Lyfe: My musical inspirations are Eyrkah Badu, Lauren Hill, TuPac, Biggie, Yolanda Adams. I like a lot of singers, especially those you can feel and keep you interested.
Singersroom: What do you do to relax after a hard days work?
Lyfe: Let’s see, I just sit and watch a movie. I might read a book and I like chillin with my son. I really like putting my son to sleep, that relaxes me more than anything in the world.
Singersroom: Who do you have on your playlist? Who are you listening to right now?
Lyfe: Right now I’m listening to that new Lloyd joint featuring Lil Wayne, “You”. That’s who I have in there right now.
Singersroom: What gives you the strength to be Lyfe Jennings?
Lyfe: The encouragement I get from my fans. People always ask me questions like what makes me stay so positive and I answer, “I’m winning at being positive”. I think that if we encourage other men to just think positive, they may win. Right now we focus too much on negativity, we need to stop that in order to win.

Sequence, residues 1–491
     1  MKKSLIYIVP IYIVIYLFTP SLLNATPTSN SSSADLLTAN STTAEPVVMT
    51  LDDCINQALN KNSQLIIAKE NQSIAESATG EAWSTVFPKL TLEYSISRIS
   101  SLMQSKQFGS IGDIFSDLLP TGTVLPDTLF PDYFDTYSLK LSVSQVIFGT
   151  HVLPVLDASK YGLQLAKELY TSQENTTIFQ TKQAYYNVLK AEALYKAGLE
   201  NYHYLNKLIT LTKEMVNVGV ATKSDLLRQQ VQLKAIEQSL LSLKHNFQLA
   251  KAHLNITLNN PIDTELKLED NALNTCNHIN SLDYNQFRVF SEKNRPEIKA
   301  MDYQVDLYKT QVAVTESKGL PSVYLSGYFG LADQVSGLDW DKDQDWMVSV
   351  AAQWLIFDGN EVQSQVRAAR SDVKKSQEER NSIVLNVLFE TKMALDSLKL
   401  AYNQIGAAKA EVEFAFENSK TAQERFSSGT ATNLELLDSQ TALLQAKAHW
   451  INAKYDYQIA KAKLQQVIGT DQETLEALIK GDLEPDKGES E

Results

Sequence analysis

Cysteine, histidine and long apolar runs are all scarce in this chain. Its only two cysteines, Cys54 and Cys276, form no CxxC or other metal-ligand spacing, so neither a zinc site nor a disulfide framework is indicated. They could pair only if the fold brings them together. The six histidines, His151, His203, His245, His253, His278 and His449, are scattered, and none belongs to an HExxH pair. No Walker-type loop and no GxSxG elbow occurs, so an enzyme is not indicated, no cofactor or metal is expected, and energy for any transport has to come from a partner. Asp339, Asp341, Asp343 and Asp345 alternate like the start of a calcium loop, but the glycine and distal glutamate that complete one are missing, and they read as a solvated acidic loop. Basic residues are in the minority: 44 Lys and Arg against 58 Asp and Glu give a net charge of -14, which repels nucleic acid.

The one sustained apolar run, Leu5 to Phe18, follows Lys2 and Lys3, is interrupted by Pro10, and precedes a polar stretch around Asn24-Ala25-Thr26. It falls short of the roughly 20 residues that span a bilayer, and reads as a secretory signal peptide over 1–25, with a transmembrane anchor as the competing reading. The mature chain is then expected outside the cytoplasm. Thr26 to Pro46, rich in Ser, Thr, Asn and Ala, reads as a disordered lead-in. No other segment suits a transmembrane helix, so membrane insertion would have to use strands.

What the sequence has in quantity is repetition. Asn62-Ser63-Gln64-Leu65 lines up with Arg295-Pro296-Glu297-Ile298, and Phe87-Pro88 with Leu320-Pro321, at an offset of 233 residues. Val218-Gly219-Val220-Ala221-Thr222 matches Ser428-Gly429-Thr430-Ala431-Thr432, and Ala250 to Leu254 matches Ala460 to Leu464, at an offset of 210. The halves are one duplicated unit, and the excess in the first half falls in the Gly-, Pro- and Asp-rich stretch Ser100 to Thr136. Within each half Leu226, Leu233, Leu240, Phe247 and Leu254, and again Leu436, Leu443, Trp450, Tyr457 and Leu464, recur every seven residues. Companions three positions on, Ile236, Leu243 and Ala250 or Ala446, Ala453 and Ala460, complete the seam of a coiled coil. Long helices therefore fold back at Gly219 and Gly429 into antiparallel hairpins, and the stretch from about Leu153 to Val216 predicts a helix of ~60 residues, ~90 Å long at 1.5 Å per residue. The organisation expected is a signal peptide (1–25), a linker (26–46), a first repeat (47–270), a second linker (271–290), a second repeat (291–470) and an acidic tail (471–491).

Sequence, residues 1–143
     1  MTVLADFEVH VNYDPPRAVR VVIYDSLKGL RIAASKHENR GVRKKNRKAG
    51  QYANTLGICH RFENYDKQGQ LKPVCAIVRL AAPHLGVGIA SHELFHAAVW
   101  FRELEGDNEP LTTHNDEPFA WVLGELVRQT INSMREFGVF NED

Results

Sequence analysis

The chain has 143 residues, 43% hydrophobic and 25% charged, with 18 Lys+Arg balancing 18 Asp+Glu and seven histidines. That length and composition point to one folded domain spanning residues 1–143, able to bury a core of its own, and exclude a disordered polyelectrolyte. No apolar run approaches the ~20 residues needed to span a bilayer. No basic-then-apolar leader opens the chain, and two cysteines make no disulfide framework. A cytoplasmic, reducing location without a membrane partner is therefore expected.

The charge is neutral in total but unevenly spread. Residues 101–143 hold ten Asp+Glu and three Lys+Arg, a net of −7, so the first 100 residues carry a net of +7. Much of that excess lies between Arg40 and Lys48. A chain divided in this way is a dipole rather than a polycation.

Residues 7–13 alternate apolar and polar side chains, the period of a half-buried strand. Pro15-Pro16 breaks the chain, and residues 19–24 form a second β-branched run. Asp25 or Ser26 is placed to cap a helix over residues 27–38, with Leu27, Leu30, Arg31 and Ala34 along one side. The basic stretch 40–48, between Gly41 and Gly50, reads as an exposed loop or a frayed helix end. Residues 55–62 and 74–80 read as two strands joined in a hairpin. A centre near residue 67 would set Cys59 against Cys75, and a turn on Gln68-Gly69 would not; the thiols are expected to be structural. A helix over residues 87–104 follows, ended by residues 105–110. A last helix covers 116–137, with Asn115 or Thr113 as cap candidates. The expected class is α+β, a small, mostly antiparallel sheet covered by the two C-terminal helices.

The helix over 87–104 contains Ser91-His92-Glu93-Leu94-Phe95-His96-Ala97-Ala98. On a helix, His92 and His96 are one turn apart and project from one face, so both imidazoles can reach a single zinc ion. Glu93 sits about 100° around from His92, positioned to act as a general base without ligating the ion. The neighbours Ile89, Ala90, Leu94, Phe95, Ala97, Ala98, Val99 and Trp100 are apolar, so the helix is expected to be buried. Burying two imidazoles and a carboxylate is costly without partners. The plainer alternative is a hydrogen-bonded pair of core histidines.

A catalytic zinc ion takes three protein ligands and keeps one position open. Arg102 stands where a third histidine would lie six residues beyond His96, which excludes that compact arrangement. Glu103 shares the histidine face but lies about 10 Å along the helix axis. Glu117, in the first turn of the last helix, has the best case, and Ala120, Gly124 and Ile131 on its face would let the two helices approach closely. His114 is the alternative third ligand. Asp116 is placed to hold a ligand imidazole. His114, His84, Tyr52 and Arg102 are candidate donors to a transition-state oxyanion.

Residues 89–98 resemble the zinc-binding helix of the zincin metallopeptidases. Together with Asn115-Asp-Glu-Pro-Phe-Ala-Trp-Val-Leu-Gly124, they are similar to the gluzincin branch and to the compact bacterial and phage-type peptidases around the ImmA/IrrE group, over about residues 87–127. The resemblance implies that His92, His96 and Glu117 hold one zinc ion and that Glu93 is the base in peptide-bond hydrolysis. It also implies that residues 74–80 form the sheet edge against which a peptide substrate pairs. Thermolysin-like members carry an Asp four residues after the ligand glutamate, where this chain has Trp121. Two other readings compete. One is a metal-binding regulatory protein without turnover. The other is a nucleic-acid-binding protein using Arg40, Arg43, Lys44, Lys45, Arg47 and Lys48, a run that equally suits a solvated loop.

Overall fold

Singersroom: I know you play the guitar. What else can you play and when did you learn?
Lyfe: The Bass Guitar, piano and little bit of drums. I learned the piano when I was little but learned the rest while I was in prison.
Singersroom: Do you have any goals outside of the music industry?
Lyfe: I would definitely want to do something with a script I wrote, maybe something with children’s books and I am working on a non-profit organization, tryin to pop that off.
Singersroom: Do you do any ghost writing for anyone?
Lyfe: No not right now. I would eventually with the right artist though.
Edited By Natalie Marzuka —— By: Interview By Tiffanie Simone